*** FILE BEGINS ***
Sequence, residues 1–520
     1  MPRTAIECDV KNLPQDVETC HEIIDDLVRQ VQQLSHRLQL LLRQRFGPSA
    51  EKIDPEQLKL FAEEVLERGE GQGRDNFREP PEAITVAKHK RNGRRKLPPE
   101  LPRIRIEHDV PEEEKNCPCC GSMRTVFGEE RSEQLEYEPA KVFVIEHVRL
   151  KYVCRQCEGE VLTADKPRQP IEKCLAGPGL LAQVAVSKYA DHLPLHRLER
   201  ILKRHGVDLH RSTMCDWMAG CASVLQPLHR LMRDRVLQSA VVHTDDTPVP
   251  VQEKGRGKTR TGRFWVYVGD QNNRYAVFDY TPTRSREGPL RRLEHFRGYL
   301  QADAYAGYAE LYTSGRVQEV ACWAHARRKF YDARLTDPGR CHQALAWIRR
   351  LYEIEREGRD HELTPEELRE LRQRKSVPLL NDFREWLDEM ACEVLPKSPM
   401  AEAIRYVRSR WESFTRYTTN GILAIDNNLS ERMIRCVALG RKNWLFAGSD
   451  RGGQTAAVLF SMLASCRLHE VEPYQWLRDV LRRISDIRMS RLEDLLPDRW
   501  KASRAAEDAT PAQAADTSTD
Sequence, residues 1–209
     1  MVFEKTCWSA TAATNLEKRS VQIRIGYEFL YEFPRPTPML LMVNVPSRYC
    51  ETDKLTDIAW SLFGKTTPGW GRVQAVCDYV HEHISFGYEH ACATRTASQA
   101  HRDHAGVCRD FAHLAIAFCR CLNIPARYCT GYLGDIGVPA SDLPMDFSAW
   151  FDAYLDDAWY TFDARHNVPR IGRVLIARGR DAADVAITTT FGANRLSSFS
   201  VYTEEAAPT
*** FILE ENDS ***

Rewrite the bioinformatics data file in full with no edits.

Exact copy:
Sequence, residues 1–520
     1  MPRTAIECDV KNLPQDVETC HEIIDDLVRQ VQQLSHRLQL LLRQRFGPSA
    51  EKIDPEQLKL FAEEVLERGE GQGRDNFREP PEAITVAKHK RNGRRKLPPE
   101  LPRIRIEHDV PEEEKNCPCC GSMRTVFGEE RSEQLEYEPA KVFVIEHVRL
   151  KYVCRQCEGE VLTADKPRQP IEKCLAGPGL LAQVAVSKYA DHLPLHRLER
   201  ILKRHGVDLH RSTMCDWMAG CASVLQPLHR LMRDRVLQSA VVHTDDTPVP
   251  VQEKGRGKTR TGRFWVYVGD QNNRYAVFDY TPTRSREGPL RRLEHFRGYL
   301  QADAYAGYAE LYTSGRVQEV ACWAHARRKF YDARLTDPGR CHQALAWIRR
   351  LYEIEREGRD HELTPEELRE LRQRKSVPLL NDFREWLDEM ACEVLPKSPM
   401  AEAIRYVRSR WESFTRYTTN GILAIDNNLS ERMIRCVALG RKNWLFAGSD
   451  RGGQTAAVLF SMLASCRLHE VEPYQWLRDV LRRISDIRMS RLEDLLPDRW
   501  KASRAAEDAT PAQAADTSTD
Sequence, residues 1–209
     1  MVFEKTCWSA TAATNLEKRS VQIRIGYEFL YEFPRPTPML LMVNVPSRYC
    51  ETDKLTDIAW SLFGKTTPGW GRVQAVCDYV HEHISFGYEH ACATRTASQA
   101  HRDHAGVCRD FAHLAIAFCR CLNIPARYCT GYLGDIGVPA SDLPMDFSAW
   151  FDAYLDDAWY TFDARHNVPR IGRVLIARGR DAADVAITTT FGANRLSSFS
   201  VYTEEAAPT